Police probe Kit Siang’s Sri Lanka comments

- Advertisement - [resads_adspot id="2"]

Police have opened an investigation over a tweet by Lim Kit Siang that allegedly contained a statement that could threaten public order.

Bukit Aman CID director Comm Datuk Seri Abd Jalil Hassan said police had detected a tweet which read “Will the houses of the prime minister and ministers of malaysia be set on fire by angry protestors as happened in sri lanka last week?”.

“A screenshot image of the tweet was also detected to have been transmitted through WhatsApp since it was uploaded on May 19, 2022.


“Investigations are being conducted by the Special Investigations Unit (D5), under Section 505 (c) of the Penal Code for issuing statements with intent to incite any group or race and Section 233 of the Communications and Multimedia Act 1998 for improper use of network facilities or network services,” he said in a statement on Friday (May 20).

Lim, who is Iskandar Puteri MP published the statement on his blog dated May 19 with the title, “Can Malaysia learn from the lessons of Sri Lanka”.

It was allegedly also posted on Twitter but checks revealed that the tweet has been taken down.

Former prime minister Datuk Seri Najib Razak on Thursday (May 19) posted a screenshot of the tweet and urged the police to arrest Lim for sedition.

Lim’s remarks appeared to be cautionary as the question was followed by remarks that it was not likely to happen soon, but that Malaysia must learn from the mistakes of Sri Lanka.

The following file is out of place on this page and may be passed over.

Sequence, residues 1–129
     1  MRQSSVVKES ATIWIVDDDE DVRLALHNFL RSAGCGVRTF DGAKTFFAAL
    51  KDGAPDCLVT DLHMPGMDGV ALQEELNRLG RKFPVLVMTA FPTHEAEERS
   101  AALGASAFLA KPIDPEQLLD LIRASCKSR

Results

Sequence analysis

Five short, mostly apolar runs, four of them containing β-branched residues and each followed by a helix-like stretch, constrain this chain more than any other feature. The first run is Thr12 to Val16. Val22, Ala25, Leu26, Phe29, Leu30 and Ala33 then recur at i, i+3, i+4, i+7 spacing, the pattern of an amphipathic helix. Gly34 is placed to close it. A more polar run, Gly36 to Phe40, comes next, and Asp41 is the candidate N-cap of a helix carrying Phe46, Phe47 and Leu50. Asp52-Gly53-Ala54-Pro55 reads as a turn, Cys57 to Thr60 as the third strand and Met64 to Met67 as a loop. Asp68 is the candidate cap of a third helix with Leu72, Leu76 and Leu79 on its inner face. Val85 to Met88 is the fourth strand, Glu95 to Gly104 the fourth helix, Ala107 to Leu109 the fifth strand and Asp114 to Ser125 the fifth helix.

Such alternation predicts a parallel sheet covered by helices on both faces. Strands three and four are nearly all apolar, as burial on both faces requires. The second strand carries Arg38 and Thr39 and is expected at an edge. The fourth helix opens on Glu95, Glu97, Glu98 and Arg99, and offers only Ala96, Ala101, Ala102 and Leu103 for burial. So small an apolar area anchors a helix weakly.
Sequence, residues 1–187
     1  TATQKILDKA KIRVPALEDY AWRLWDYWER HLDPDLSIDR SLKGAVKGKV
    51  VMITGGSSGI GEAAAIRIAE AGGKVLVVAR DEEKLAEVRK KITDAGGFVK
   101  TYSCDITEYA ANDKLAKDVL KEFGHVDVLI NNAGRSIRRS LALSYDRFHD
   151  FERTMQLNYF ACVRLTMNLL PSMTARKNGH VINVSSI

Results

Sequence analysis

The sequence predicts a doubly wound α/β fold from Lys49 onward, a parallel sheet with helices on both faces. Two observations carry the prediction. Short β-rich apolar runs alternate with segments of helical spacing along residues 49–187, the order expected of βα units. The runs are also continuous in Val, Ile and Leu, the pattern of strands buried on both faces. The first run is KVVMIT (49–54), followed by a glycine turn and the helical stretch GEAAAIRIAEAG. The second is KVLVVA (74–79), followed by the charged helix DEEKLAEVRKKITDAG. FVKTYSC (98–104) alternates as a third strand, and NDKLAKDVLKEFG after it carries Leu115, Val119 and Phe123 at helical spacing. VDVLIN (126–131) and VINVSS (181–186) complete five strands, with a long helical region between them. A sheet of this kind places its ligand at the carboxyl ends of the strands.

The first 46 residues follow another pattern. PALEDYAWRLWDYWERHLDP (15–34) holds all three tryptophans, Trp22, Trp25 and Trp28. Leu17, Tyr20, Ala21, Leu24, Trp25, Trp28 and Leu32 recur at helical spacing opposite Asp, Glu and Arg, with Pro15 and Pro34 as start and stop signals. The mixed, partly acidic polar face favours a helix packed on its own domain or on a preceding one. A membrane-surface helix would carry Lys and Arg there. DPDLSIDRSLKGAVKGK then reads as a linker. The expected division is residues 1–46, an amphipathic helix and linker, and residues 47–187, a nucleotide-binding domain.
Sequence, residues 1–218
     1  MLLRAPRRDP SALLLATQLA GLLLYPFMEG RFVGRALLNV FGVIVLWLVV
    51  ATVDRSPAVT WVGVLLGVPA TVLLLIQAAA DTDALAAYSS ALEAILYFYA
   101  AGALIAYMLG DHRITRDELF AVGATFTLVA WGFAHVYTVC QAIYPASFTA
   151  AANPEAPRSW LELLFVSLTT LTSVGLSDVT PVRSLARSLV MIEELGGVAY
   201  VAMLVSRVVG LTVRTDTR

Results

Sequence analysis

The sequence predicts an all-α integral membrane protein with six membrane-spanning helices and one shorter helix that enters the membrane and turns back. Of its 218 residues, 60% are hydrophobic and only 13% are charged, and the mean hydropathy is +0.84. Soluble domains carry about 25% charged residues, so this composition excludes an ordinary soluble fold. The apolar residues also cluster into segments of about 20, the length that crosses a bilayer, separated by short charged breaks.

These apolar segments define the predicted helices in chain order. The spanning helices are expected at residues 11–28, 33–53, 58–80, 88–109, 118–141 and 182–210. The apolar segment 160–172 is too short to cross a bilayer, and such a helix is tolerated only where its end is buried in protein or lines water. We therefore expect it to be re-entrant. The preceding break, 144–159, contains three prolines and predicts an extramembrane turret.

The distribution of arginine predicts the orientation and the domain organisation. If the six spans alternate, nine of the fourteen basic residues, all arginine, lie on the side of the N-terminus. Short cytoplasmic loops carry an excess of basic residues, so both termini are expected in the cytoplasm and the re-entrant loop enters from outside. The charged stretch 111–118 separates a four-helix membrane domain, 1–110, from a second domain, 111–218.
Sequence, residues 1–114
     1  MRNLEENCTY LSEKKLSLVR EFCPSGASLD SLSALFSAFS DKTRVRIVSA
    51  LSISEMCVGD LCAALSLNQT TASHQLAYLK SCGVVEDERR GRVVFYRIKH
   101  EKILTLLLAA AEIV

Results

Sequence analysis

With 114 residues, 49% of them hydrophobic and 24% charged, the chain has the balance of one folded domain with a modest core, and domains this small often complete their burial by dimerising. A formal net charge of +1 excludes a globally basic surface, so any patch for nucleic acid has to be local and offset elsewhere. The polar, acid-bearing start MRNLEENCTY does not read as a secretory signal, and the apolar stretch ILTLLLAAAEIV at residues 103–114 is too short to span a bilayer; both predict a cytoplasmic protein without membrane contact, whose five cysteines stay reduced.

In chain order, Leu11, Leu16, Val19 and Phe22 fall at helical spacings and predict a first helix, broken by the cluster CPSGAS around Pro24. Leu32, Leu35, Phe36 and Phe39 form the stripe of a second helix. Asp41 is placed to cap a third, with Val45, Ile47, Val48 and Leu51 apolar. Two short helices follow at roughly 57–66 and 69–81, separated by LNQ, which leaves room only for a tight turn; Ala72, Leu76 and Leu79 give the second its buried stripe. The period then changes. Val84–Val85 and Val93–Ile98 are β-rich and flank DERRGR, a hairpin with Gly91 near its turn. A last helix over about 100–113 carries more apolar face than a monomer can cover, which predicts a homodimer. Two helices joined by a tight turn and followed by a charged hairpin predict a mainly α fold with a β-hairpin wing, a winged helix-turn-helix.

He said his statement has been twisted and distorted, and was surprised to see the disgraced former prime minister leading the attempt.

“I had expected political desperados and opportunists, through their propagandists and cybertroopers, to twist and distort the meaning and purpose of my statement as one of incitement, but I had not expected a former prime minister to head the charge,” Lim said.

Violent protests against the Sri Lankan government erupted this month after a chronic foreign exchange shortage led to rampant inflation and shortages of medicine, fuel, and other essentials.

In the country’s worst economic crisis since independence in 1948, protesters burned down homes belonging to dozens of politicians, including the family home of Prime Minister Mahinda Rajapaksa and his younger brother and President Gotabaya Rajapaksa.

Mahinda tendered his resignation as prime minister on May 9.

Lim also questioned whether Malaysia can learn from the mistakes of the Philippines, which saw Ferdinand Marcos Jr elected as president despite his family’s storied corruption in the past.